The Mudcat Café TM
Thread #61733   Message #994363
Posted By: Uncle Jaque
31-Jul-03 - 02:07 PM
Thread Name: Jacob's Wooden Flutes
Subject: RE: Jacob's Wooden Flutes
When you say "broke" here, Nathalie, are we talking "split" or "Crushed; mangled; mutilated; destroyed to smithereens" - or something in between?

I got a really good deal on a little 1864 CLOOS fife in "C" ($40) because it was split pretty obviously and would only play about 4 notes, and those poorly.

I have learned that at least on a wooden instrument like a fife, that gobs of glue are not always the way to go when healing splits.
Wood splits when it's natural moisture and resins evaporate, dissipate, and dry out. The cells collapse, causing a cumulative shrinkage in the wood. Something's got to "give", and that is usually a seperation between the grain - ergo, a split.

So after cleaning the accumulated dust and spider-webs off and out of my cutie CLOOS, I merely did what I routinely do in the maintainence of my other fifes; SOPPED it in sesame seed oil, and rubbed as much of it into the grain as it would stand.

Pretty soon,the dry, porous wood (ebony or blackwood, by the looks of it) "drank in" the oil, expanded back to it's original dimensions... and "Violla!" the crack disapeared, and the sweet, clear voice that had been lost for a Century or so came back to life!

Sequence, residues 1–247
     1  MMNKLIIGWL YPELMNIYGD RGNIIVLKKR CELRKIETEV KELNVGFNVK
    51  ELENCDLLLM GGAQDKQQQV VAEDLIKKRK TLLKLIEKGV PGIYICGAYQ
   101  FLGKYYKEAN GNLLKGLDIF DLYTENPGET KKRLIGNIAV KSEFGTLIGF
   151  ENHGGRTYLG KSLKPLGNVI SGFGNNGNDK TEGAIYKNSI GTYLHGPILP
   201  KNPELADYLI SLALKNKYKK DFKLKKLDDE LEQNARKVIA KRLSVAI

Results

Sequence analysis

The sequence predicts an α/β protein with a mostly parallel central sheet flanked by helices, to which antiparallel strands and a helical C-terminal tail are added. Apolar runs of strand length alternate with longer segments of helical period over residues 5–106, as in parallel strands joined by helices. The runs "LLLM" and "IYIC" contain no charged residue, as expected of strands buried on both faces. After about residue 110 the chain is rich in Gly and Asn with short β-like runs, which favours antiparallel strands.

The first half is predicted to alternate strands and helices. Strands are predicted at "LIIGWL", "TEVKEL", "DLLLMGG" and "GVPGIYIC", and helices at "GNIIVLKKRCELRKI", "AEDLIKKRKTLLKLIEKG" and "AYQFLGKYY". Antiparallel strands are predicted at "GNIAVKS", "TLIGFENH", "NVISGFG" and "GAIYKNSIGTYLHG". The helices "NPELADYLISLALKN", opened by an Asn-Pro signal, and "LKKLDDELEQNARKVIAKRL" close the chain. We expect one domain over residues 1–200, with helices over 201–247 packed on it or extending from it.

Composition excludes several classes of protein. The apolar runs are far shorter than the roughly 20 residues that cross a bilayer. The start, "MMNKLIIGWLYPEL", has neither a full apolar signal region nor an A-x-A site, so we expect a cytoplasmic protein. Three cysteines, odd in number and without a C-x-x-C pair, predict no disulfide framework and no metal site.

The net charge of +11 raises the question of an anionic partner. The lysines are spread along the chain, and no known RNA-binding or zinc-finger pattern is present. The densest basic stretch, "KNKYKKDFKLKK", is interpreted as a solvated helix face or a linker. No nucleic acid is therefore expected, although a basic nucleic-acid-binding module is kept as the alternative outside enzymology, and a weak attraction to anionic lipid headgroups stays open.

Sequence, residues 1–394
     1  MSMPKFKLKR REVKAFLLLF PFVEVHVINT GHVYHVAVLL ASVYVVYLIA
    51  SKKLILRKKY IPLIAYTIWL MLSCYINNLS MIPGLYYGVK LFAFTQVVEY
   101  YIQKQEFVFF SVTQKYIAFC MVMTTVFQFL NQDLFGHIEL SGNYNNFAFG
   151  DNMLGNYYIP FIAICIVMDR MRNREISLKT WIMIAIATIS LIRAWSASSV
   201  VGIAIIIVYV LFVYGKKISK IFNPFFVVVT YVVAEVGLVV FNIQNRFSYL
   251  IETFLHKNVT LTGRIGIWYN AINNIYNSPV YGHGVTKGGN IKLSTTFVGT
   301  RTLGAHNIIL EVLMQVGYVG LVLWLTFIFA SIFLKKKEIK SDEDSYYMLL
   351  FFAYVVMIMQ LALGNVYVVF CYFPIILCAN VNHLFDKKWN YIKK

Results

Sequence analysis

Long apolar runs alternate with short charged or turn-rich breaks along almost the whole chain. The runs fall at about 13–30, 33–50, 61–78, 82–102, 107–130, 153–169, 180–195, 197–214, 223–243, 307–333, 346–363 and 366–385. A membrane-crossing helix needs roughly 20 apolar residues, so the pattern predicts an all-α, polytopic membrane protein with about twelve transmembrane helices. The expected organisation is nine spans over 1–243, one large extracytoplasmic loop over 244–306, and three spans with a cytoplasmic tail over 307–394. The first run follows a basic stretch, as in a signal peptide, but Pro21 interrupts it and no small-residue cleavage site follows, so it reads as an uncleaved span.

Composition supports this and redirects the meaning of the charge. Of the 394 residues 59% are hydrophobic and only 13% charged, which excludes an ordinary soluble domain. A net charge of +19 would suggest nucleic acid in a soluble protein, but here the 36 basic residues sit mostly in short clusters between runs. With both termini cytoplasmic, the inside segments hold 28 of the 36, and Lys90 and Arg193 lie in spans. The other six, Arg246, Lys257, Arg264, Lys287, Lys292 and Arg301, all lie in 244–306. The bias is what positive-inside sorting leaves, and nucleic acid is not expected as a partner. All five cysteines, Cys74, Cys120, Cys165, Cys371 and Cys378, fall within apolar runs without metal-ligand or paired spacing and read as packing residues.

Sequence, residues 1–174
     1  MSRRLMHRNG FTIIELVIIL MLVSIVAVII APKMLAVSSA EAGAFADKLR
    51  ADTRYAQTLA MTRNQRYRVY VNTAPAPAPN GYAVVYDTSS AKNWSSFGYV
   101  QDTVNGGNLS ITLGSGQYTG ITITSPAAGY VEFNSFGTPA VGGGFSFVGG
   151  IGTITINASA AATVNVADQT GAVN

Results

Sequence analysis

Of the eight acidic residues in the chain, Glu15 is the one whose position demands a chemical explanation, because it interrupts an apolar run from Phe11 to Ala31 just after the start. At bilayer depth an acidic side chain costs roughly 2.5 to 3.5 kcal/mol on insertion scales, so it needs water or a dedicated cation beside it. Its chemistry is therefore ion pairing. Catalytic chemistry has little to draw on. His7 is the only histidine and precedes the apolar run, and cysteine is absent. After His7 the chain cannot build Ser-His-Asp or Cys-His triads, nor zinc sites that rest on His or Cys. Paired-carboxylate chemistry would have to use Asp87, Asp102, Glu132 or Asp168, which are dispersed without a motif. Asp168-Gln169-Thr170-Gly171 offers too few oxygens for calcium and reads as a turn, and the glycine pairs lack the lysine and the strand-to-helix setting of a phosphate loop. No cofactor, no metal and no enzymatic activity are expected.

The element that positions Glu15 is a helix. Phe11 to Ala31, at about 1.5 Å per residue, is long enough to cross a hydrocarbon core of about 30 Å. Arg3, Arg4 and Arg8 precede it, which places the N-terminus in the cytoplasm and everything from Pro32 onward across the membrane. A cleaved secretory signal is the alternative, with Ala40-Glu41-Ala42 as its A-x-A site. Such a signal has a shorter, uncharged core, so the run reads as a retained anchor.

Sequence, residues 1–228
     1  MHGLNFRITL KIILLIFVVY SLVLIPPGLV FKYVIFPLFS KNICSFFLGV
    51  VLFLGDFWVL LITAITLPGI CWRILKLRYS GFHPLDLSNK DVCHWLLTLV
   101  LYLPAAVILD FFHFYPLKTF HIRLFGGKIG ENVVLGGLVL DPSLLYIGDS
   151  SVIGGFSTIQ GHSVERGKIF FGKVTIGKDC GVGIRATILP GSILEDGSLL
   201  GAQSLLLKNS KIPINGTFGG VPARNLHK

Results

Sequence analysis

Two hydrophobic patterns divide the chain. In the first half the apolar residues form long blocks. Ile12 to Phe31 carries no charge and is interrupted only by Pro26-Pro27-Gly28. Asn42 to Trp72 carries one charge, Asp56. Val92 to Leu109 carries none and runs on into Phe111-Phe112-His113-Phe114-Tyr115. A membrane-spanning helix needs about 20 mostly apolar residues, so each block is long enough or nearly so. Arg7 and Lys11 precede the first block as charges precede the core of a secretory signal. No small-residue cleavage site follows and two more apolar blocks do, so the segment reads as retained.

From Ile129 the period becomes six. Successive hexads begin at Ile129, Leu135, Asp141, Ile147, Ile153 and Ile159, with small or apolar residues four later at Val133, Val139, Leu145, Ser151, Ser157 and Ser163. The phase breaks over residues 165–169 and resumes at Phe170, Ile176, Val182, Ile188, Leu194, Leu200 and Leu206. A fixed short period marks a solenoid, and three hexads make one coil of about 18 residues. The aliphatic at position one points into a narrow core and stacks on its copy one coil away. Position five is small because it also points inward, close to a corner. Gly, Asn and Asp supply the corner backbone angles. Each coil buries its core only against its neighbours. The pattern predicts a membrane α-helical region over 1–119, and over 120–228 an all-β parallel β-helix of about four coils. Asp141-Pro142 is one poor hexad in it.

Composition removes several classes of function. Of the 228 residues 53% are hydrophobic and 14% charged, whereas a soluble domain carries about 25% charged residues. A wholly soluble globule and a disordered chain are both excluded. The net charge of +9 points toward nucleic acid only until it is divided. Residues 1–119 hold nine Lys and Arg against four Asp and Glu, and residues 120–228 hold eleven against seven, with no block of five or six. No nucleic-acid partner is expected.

Now had I glued the split, and then the fife got wet or properly annointed with oil, the glue would have kept the split from closing and acted like a wedge against the expanding wood, setting up potentially destructive stresses in the thin, delicate wall of the instrument. Not to mention what adulterants like glue can do to harmonic resonance!

Now in the case of that (Peruvian?) pan-pipe; most of the ones I've seen are constructed of a bamboo or reed-like material which is thin but very dense. Shrinkage in a naturally hollow-core stem does not tend to cause splitting as solid-stalked wood will because of the arrangement of the cellular structures, so your super glue might actually be the best option in this case. It seems to work, anyway, and I for one am a big fan of stuff that works!

Given the time, opportunity and inspiration (a really precious commodity among us "Creative" types) I could probably repair or replicate said "Jacobs" flute, but even he (providing that he can be found) might not be able to garuntee that it would sound or play exactly as it did before it's lamentable "accident".

There are so many subtle and mysterious variables in the art of flutecrafting that even the Masters of the art are challenged to make a number of them exactly alike. That's why only a very few of them have, and even fewer still do, make a set of fifes for an entire Corps that will be in tonal and harmonic synchrony.